Six aircraft and each of them disgorged fourteen chutists: eighty-four men and all of them had to touch down inside the marked 100-yard circle. That was the point of the exercise: precision. Yes sir—it would be twice as easy if we doubled the length of the drop zone but we want to get everybody into the smallest possible target area. In terms of Norway say a forest clearing. We want to be sure nobody gets a pine tree up his ass.

Norway, shit. Alex, the United States Army couldn’t mount a successful invasion of Staten Island right now.

He had twenty-eight seconds to hang from the lines between chute-opening and touchdown. Twenty-eight seconds was far too long if there were going to be people on the ground shooting at them. The next step in the training would be to lower the jump altitude. Bring the planes in at fifteen hundred feet, then a thousand, then seven-fifty. It could be done from four hundred but he’d settle for six. But that would rule out any margin for error—no room for a soldier’s last-minute clutch in the door, no room for backup chutes. When the training got down to that fine point they’d start to lose trainees but sooner or later it would have to be done; it was only a question of how soon.

Texas beneath him: no vestige of shade anywhere. Beyond the chalk lines a black Ford waited—a wilted corporal standing by, his faded blouse stained by the sweat that sluiced down his chest; moving back and forth slowly in the heat as if to create a breeze on himself.

The ground loomed too fast; the moment of terror came every time. He bent his knees and when he touched down he tipped right over on one shoulder and rolled to absorb the impact. Then he twisted to his feet and gathered in the shroud lines to collapse the distended chute. Around him the squads were hitting ground; Alex Danilov’s eyes watched them all, watched their touchdowns and watched the chalk line of the circle. Some of them were so close to it that the wind dragged their chutes over the line after they hit the ground but every one of them had touched down inside the deadlines and it pleased him.

He made a bundle of his silks and carried them toward the perimeter. The corporal made a hand signal and waited for him, plucking the wet blouse away from his chest. The Ford had stars on its fenders: the base commanding general’s stars, but the car was empty.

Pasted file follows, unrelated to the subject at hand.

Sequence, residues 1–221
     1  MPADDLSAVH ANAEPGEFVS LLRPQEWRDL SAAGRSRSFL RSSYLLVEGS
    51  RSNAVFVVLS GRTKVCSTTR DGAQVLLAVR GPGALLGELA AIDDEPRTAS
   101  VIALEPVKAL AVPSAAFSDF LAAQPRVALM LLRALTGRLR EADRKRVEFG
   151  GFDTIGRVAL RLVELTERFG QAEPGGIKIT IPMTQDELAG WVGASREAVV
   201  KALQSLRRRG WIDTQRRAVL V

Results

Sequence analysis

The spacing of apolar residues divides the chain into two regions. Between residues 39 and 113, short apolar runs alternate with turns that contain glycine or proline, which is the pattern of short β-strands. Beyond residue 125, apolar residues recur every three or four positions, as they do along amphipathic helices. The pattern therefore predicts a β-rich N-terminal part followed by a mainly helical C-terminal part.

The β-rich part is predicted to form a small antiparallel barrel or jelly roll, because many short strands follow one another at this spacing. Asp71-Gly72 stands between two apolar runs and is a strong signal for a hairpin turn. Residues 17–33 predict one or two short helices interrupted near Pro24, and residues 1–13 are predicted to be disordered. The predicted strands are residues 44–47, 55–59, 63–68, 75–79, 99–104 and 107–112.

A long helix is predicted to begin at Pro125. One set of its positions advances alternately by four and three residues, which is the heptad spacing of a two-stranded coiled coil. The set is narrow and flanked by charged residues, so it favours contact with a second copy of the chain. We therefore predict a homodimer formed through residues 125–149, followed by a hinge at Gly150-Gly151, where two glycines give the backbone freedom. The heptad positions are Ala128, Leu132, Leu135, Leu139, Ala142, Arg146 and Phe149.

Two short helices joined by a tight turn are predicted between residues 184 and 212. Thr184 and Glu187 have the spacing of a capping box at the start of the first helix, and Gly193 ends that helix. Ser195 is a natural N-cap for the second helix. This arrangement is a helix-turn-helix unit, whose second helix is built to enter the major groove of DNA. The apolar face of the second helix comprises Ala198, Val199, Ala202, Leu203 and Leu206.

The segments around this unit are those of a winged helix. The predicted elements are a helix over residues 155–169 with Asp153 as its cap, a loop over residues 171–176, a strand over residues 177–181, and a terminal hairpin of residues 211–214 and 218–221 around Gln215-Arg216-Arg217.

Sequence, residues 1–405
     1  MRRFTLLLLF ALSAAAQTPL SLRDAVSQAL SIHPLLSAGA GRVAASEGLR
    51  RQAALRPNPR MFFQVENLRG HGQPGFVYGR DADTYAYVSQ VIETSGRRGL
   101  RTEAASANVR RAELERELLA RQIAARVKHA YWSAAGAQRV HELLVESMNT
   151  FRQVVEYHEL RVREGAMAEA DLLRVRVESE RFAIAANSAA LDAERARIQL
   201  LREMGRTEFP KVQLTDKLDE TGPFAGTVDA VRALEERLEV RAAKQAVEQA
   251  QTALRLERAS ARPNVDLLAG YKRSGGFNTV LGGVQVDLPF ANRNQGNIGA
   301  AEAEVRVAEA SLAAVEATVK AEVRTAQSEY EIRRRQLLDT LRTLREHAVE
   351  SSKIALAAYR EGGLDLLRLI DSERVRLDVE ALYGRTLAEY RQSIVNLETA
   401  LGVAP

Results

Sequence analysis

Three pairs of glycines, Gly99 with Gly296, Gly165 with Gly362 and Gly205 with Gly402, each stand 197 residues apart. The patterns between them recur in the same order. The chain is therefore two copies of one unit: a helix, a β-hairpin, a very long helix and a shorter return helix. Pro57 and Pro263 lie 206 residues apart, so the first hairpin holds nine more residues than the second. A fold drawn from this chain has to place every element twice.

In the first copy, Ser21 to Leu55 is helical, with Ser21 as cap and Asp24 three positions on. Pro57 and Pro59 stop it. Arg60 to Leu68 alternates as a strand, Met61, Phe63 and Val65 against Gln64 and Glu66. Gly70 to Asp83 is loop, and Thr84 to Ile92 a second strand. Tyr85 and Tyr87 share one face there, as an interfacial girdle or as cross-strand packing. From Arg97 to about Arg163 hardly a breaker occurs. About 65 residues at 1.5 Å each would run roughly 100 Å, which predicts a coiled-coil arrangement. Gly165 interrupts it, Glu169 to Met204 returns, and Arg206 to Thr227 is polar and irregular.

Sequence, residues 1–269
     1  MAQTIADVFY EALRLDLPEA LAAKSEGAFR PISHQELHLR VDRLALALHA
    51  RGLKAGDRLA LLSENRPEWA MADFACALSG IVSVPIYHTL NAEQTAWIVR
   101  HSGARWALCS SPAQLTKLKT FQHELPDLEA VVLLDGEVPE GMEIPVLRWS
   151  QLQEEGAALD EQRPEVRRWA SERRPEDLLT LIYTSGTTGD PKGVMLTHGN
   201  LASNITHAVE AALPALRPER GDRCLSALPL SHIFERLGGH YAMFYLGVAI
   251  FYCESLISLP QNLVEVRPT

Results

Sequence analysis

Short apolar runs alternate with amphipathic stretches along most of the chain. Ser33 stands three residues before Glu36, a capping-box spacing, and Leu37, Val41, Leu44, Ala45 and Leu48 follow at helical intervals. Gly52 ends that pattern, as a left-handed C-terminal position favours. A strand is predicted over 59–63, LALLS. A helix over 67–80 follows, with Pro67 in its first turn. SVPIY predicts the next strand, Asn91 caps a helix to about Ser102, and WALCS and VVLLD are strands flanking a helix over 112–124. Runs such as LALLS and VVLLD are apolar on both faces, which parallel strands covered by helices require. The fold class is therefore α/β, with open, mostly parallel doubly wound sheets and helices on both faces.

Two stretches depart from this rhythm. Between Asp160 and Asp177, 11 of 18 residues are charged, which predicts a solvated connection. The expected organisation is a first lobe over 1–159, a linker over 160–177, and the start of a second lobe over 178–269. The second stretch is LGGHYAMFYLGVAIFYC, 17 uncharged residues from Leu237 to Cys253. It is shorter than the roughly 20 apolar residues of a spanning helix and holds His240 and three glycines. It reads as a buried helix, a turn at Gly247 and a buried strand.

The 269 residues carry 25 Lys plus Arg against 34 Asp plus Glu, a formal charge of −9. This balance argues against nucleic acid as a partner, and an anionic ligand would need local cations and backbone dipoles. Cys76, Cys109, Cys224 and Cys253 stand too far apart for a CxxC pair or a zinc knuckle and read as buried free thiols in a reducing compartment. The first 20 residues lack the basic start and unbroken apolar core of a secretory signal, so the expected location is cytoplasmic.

The corporal said, “General Spaight sent me to fetch you back to headquarters, sir.”


The Fort Bliss sun whacked ferociously against the rows of weathered clapboard: temporary barracks erected in 1917. Alex went inside and the G-1 nodded to him from behind the officer-of-the-day desk. Alex strode past the flag standard to the post commander’s door. When he entered the office his head just missed the top of the doorframe.

An aura of stale cigar hung around the dreary hot room: Spaight didn’t smoke but it was that kind of climate, it preserved everything like a sarcophagus.

Spaight was a brigadier; his hair and unkempt eyebrows were pewter grey: he had an easy amiable smile that squinted up the grid of tiny lines on his face. But he looked unnerved. “How was the jump?”

“Good. They’re coming along.” Alex hooked his cap over the prong of the hat rack.

“They weren’t much of a jump team before you took them over.”

“I just bark at them. They hate me so they’ve got to prove they’re harder than I am. Nothing new about it—I imagine the Greeks ran their armies the same way.”

“Pull up a chair, Alex.” Spaight tipped back in his chair and glanced uneasily toward the window where a fly seeking escape kept banging against the screen. Then he tapped a paper on his desk. “I’ve got War Department orders for you.” He looked bleak.

2.

SECRET     SECRET     SECRET FEDERAL BUREAU OF INVESTIGATION U.S. ARMY PERSONNEL REPORT

SUBJECT: Danilov, Alexsander I.

Following report was compiled by: Baltimore, Md., District Office. Bibliography of sources attached. The Bureau expresses its appreciation for the cooperation of BN&I, U.S. Army and U.S. Department of State in making dossiers on subject available.

Subject’s vital statistics:

Date and Place of Birth: 27 March 1907, nr. Kiev, Ukraine, Imperial Russian Empire.

Father’s name & occupation: Danilov, Ilya V. (1871-1920), officer in Imperial (“White Russian”) Army, 1889–1920.